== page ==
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Usability issues and principles
October 8, 2007 12:43 PM   Subscribe

30 Usability Issues to be aware of In this article we present 30 important usability issues, terms, rules and principles which are usually forgotten, ignored or misunderstood. What is the difference between readability and legibility? What exactly does 80/20 or Pareto principle mean? What is the law of proximity? What is meant with minesweeping and satisficing? And what is Progressive Enhancement and Graceful Degradation? What is banner blindness? How can you measure eye-tracking? Why fold area isn't that important. OK, it’s time to dive in.
posted by psmealey (15 comments total) 48 users marked this as a favorite

 
Apparently they don't consider long columns of teeny-tiny type to be a usability issue.
posted by Thorzdad at 12:47 PM on October 8, 2007 [1 favorite]


I quickly scanned your "satisficing" link for something that might explain how that incredibly irritating neologism came into existence, but I didn't see anything interesting or informative, so I clicked the "Back" button.

Sensible.com are fail.
posted by dersins at 1:02 PM on October 8, 2007


That said, the main link is interesting and informative, so, thanks for this...
posted by dersins at 1:10 PM on October 8, 2007


Yeah, faved. I'd love to hear more in depth on the impact of some of these, specifically the Banner Blindness.

Why would anyone spend money to advertise on the web if this is the case? AFAIK, most revune generated by the web comes from ads. Is this a market failure or am I just not grokking something?

And the faux dialog popup mentioned in the Banner Blindness cracks me (and most other Mac users I'm sure) up. People still try that?
posted by butterstick at 1:15 PM on October 8, 2007


As any dork will point out, that really should be "30 Usability Issues of which to be aware".

Not that that makes me a dork or anything.
posted by LordSludge at 1:19 PM on October 8, 2007


Dersins: right next to the first mention of 'satisificing', there's a clickable link, wherein you go to:

"Economist Herbert Simon coined the term (a cross between satisfying and sufficing) in Models of Man: Social and Rational (Wiley, 1957)."

It's a fifty-year-old neologism. Which makes me wonder if I just hadn't heard it before, or I just didn't care....
posted by mephron at 1:28 PM on October 8, 2007


I can't get me no... satisficing.
posted by psmealey at 1:32 PM on October 8, 2007


Thorzdad: "Apparently they don't consider long columns of teeny-tiny type to be a usability issue."

In the book, Thinking With Type, there is a pull quote that says "If people weren't good at finding things in long lists, the Wall Street Journal would have gone out of business years ago," Jef Raskin, 2000.
posted by cjorgensen at 1:41 PM on October 8, 2007 [2 favorites]


It's a fifty-year-old neologism.
Must be a paleologism.
It sure sounds like an incredibly irritating neologism. It's interesting to realize they were making up such crappy words way back then. I though that stuff started in the 90's.
posted by MtDewd at 1:44 PM on October 8, 2007 [1 favorite]


I'm pretty much in favor of any discipline that makes on-line content more engaging and less distracting to read, so it it takes shitty middle aged-logisms like satisficing to get us there, why not?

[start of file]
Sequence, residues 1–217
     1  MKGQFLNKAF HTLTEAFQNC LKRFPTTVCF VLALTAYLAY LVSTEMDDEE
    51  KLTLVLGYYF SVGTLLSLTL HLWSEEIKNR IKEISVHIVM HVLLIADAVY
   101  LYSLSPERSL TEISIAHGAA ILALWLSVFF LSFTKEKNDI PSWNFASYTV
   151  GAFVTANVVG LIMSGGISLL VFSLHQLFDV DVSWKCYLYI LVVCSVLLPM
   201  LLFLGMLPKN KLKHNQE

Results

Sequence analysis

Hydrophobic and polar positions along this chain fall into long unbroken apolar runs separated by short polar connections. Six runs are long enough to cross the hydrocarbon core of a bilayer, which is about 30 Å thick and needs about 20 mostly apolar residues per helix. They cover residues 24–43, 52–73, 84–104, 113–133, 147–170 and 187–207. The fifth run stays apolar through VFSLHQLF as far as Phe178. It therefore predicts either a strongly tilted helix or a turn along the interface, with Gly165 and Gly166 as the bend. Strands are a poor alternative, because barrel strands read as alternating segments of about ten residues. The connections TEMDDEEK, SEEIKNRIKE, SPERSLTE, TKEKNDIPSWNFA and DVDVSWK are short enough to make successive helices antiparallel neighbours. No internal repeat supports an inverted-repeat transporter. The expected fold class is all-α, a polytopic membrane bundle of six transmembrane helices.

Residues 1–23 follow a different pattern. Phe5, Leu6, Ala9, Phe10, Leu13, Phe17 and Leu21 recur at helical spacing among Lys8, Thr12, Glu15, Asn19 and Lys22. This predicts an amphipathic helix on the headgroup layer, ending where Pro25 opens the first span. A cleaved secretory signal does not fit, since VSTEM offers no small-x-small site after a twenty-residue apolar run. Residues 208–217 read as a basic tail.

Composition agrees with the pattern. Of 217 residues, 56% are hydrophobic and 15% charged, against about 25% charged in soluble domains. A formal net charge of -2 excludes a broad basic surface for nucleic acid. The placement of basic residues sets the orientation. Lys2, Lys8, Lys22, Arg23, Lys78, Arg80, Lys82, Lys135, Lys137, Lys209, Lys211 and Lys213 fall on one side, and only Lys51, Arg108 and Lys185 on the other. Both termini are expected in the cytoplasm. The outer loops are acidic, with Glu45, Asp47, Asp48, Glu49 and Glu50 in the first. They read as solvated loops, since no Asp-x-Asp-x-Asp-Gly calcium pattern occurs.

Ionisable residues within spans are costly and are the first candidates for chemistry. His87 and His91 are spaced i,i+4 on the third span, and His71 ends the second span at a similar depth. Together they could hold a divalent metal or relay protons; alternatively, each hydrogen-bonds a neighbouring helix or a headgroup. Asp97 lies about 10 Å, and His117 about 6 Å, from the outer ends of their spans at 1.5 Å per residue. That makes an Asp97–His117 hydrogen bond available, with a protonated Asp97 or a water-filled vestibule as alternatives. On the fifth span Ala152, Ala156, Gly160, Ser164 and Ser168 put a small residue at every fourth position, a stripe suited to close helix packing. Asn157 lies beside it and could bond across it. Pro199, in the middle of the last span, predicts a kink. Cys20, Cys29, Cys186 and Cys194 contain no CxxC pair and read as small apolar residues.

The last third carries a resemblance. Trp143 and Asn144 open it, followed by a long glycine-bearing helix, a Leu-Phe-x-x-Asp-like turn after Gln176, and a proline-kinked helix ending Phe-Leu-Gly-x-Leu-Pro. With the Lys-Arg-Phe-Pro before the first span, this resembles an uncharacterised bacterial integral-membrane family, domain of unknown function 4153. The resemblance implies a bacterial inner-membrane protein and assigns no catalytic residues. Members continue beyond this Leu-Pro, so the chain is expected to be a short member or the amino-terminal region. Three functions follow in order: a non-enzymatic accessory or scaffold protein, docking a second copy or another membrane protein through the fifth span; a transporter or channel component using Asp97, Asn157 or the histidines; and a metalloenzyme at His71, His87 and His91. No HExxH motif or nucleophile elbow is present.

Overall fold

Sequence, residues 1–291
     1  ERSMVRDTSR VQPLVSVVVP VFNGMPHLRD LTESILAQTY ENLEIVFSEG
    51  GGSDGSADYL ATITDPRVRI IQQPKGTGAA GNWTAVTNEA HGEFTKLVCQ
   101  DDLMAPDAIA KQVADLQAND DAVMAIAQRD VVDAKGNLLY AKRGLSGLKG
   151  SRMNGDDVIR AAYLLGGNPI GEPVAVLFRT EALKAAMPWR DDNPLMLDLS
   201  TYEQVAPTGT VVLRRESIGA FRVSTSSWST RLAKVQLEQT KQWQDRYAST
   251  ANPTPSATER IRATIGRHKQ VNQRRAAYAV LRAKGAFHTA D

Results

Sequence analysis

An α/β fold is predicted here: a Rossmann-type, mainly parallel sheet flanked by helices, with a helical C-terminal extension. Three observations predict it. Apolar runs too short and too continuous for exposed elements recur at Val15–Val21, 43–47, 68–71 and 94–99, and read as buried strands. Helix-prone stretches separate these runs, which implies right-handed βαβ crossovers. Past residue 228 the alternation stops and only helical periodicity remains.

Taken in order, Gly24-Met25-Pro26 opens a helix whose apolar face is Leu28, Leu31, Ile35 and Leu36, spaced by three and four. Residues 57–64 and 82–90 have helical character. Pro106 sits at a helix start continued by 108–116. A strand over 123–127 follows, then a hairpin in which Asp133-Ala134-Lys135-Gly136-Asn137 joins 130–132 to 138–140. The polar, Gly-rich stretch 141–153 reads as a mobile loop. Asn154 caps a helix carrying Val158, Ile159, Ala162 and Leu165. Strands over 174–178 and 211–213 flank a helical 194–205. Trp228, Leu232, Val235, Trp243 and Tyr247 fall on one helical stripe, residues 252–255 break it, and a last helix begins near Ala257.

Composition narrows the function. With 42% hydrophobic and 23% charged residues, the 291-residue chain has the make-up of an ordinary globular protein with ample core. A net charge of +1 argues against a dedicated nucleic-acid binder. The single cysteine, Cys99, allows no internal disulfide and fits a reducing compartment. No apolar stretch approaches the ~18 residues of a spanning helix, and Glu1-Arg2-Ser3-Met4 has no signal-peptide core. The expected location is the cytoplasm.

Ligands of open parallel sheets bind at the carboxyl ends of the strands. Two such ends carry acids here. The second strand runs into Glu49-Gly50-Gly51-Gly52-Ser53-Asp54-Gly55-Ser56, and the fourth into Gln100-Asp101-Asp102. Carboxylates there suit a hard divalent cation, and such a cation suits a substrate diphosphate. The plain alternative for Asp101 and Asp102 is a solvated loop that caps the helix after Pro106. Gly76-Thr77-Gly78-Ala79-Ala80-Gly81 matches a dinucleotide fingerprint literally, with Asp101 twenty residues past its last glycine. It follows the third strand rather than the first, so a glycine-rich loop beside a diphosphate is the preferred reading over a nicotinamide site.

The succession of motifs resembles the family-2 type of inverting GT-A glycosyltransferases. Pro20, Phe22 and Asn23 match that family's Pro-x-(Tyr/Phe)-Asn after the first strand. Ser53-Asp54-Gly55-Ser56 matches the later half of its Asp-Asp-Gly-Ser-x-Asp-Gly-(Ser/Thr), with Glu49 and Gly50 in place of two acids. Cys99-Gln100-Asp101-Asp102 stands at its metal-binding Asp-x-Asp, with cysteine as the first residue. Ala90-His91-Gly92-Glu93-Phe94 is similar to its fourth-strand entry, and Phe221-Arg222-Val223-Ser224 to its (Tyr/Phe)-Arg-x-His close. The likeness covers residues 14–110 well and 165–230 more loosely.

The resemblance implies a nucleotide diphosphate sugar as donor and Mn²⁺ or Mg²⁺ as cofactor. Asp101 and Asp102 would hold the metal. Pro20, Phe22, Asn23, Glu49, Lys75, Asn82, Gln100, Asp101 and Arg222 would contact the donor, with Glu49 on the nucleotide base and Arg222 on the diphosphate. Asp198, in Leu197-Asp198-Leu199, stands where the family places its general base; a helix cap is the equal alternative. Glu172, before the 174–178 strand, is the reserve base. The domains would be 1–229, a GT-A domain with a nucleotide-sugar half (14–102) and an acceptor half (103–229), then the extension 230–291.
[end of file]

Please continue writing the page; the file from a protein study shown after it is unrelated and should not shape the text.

Also, I'm pretty sure big block type is not the answer.
posted by psmealey at 1:49 PM on October 8, 2007


Interesting article. Dreadful writing, though.
posted by Kadin2048 at 2:47 PM on October 8, 2007


For math/usability geeks, the Accot-Zhai steering law is pretty cool. It was derived mathematically from Fitt's law and it accurately predicts the time required to navigate a 2d path. Somehow I have found this cool even though the math eludes me.
posted by kingfisher, his musclebound cat at 2:59 PM on October 8, 2007 [2 favorites]


Anyone who ever creates anything that has even a slight chance of being used or seen by others should be required to take a course in usability.
posted by spiderskull at 8:10 PM on October 8, 2007


It's worth pointing out that developing the concept of 'satisficing' is one of the reasons Herb Simon won the Nobel Prize in Economics. A lot of economics work back then (and today still) assume a homo economicus, a person that makes perfectly rational decisions. Simon and others' work showed that instead, people often made good enough decisions within the constraints given.

Probably obvious today, though groundbreaking at the time.
posted by jasonhong at 8:43 PM on October 8, 2007


I find the ad information interesting. People learn to ignore the ads, so they become more obnoxious to get your attention. The vibrating, moving, blinking, noise-making ads make me install AdBlock, so I stop seeing them.

If the damn things weren't so irritating, I wouldn't mind seeing them. Static banner ads would not drive me nearly as nuts as the ones that look like they might cause seizures in unsuspecting visitors. Google text ads, for example, don't bother me at all.

I wish TV would take some measure of control over ads. I'm tired of the pop-over ads that show up during TV shows, blocking 1/4 or more of the screen. It doesn't make me want to watch whatever is being advertised. If it doesn't work on the web, why do people think it is any less annoying in broadcast media?
posted by caution live frogs at 2:41 PM on October 9, 2007


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